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Council Housing

(40 Posts)
muriel68 Thu 01-Sep-16 13:43:39

I'm in a real quandary. Maybe someone can exchange similar experiences?
I'm single, I work in a decent job but don't have a lot of spare cash as I pay child maintenance for 2 kids, who are 9 and 13, they come to stay with me 2/3 night s a week. I've been registered as homeless as I've been staying with my sister (overcrowded) since I split with ex, and been on the council list for approx 5 years. In the last 2 months my uncles flat has became available to rent and he's offered it to me at a very reasonable price(only £50pm more than council rate). It's a good size flat, very central and only 5 mins from my work. He says I can have it as long as I need and can decorate. In the last week, the council have offered me a flat, 2 bed, decent area, but unfortunately the owner on the bottom floor looks like he's running a scrap metal yard from his front garden. It's an absolute eyesore!! I decided to go up and spend time in the street to see what like. He has a large dog he lets run free in the back garden, and there appears to be a never ending stream of totally dodgy looking characters in and out (one neighbour told me likes to keep the close door wedged open to save him bother of answering security phone). 2 of the neighbours on the middle floor (who were renting privately) have moved out in the last week due to the people hanging about and the mess. Have asked the council if anything can be done, but they say as he owns it, and carries out his business within his own boundaries, there nothing they can do. He's been there 18 years. I honestly can't begin to describe the mess..... cookers, doors, cars stacks of tyres etc. Do I take the house as it's with the council (it's nice enough inside by the way) or do I take my uncles house and the insecurities that goes along with private renting? (my uncle is nearly 70, in good health, but nobody knows whats round the corner) I'm losing sleep trying to decide!!

Floggingmolly Thu 01-Sep-16 13:45:59

Is your uncle's flat still council owned? They take a very dim view of subletting... For both parties. Very stupid thing to do.

MeAndMy3LovelyBoys Thu 01-Sep-16 13:49:21

Could you live in your uncle's flat for the time being and just keep applying for a council flat/house in a nicer area? How many are you allowed to turn down before they strike you off the list?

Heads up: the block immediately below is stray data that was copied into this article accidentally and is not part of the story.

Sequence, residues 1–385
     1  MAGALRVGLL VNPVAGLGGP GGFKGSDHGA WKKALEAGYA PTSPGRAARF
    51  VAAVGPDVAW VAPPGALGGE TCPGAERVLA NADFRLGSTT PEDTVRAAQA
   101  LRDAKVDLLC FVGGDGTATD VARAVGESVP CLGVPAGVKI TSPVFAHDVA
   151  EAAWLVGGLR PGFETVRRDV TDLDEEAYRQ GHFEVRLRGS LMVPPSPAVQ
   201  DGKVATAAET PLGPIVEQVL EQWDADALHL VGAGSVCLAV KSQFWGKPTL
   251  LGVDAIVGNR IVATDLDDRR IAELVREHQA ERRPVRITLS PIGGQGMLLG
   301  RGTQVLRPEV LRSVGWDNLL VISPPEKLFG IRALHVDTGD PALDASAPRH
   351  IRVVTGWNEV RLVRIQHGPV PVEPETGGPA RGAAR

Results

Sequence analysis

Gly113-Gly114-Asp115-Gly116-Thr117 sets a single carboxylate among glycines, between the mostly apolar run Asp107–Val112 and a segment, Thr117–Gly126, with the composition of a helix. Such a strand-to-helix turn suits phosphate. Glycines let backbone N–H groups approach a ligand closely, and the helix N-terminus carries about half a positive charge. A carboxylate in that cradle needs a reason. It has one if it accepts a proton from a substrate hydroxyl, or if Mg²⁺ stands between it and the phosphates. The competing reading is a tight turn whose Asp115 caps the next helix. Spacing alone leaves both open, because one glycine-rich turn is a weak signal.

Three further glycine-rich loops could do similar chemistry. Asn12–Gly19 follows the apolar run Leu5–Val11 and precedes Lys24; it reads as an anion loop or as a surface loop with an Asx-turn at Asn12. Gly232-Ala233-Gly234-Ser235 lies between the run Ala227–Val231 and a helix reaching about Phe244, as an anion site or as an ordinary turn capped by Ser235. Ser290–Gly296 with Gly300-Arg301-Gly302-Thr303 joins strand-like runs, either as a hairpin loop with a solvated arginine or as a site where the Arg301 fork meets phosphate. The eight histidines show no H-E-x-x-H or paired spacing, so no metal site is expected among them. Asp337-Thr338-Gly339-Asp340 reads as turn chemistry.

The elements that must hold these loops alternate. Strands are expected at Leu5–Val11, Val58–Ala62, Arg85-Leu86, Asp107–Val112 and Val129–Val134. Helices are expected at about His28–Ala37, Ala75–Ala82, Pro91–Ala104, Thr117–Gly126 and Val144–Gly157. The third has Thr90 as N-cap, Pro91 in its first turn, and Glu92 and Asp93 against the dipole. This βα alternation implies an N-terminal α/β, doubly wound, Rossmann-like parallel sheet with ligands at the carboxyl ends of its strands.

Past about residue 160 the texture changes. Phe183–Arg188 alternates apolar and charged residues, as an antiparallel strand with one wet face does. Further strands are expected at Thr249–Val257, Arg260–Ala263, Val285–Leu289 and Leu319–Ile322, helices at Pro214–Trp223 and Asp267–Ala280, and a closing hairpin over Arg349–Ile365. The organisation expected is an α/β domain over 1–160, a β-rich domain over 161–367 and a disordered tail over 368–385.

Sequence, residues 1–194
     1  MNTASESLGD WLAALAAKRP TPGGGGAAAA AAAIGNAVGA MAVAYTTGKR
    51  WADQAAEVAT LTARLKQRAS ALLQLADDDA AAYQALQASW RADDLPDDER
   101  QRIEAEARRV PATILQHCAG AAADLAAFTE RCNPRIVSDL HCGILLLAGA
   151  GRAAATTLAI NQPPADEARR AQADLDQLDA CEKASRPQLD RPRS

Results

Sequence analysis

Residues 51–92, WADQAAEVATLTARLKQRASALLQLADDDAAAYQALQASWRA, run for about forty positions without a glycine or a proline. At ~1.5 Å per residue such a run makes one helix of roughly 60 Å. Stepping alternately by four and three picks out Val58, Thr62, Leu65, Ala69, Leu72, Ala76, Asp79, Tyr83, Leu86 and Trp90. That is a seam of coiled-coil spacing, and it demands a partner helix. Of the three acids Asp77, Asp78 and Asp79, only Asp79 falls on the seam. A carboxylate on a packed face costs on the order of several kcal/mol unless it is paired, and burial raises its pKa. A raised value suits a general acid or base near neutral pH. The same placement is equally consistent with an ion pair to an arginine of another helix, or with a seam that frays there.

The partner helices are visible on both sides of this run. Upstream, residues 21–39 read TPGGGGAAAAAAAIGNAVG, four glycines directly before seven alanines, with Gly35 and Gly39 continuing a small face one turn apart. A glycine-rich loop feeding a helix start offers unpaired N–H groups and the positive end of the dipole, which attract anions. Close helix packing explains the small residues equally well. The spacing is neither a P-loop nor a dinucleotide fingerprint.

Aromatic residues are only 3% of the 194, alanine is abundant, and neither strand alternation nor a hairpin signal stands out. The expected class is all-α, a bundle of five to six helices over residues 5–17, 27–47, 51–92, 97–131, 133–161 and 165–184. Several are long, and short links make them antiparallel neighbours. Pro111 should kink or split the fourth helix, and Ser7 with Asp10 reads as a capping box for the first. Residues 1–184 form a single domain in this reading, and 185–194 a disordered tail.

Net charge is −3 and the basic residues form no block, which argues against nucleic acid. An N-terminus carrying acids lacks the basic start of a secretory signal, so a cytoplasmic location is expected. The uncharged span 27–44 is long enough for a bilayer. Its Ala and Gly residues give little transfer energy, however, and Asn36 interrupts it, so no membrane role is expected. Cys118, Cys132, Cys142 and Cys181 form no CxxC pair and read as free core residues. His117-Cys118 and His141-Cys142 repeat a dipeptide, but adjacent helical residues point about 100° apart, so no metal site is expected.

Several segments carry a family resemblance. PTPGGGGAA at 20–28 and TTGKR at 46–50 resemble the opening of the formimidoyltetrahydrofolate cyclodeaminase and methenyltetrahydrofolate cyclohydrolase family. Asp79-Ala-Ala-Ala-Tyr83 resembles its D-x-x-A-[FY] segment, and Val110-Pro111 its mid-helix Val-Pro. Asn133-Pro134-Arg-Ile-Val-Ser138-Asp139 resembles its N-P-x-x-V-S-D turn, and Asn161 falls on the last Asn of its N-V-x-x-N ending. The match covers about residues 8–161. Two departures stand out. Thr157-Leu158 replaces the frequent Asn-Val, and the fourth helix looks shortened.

MeAndMy3LovelyBoys Thu 01-Sep-16 13:50:34

Flogging sounds to me like he owns it and privately rents it out.

muriel68 Thu 01-Sep-16 13:51:26

My uncle owns the flat. He bought it approx 10 years ago

WiddlinDiddlin Thu 01-Sep-16 13:52:47

Uncles flat - having lived in close proximity to the neighbours from hell, I definitely wouldn't do it again.

Have a chat with your uncle about the long term as well as the short term of course, get a proper tenancy agreement/contract written up too.

Taking his flat does mean you are not then going to get another offer of a council property -HOWEVER given what you have been offered sounds like its been turned down by people higher up the list than you already, it's highly likely you won't be offered better than that in future (nor if you took it would you be moved to a better place later on).

muriel68 Thu 01-Sep-16 13:53:06

This was my second offer from the council, and they've said I'll be off the list if I don't accept as it's a 'reasonable offer'

VimFuego101 Thu 01-Sep-16 13:58:14

Horrible question to have to ask, but you say your uncle is 70... If he passes away, who will he leave the flat to? If the recipient will likely want to sell it, I'd say the council place is the safer option.

muriel68 Thu 01-Sep-16 14:01:38

The flat would be left to his 3 children, who'd most likely put it on the market should the worst happen. He's still with my auntie who's about 68. (Sorry, should have mentioned her in the first post) It's both their flat. They bought it initially so their son could use it to go to uni.

gamerchick Thu 01-Sep-16 14:04:06

So if he dies you'll be out on your arse and back at the bottom of the council waiting list?

muriel68 Thu 01-Sep-16 14:05:16

Yes, if anything happens to my uncle. I'll be back at the bottom of the council list.

MeAndMy3LovelyBoys Thu 01-Sep-16 14:15:43

I'd go for the council one so you have that security at least.

Babyroobs Thu 01-Sep-16 14:24:57

I would go for your Uncle's flat if he can assure you it will be long term. If the neighbourof the council one owns the flat he may be unlikely to ever leave meaning you would be stuck with the mess forever ! Yes your uncle and aunt could die soon and you could be left high and dry but most people these days live until thier eighties or nineties by which time your kids will be living independently and youcan be more flexible about where you live anyway. I'd rather have some insecurity then fneighbours which can make your life a misery.

specialsubject Thu 01-Sep-16 14:26:00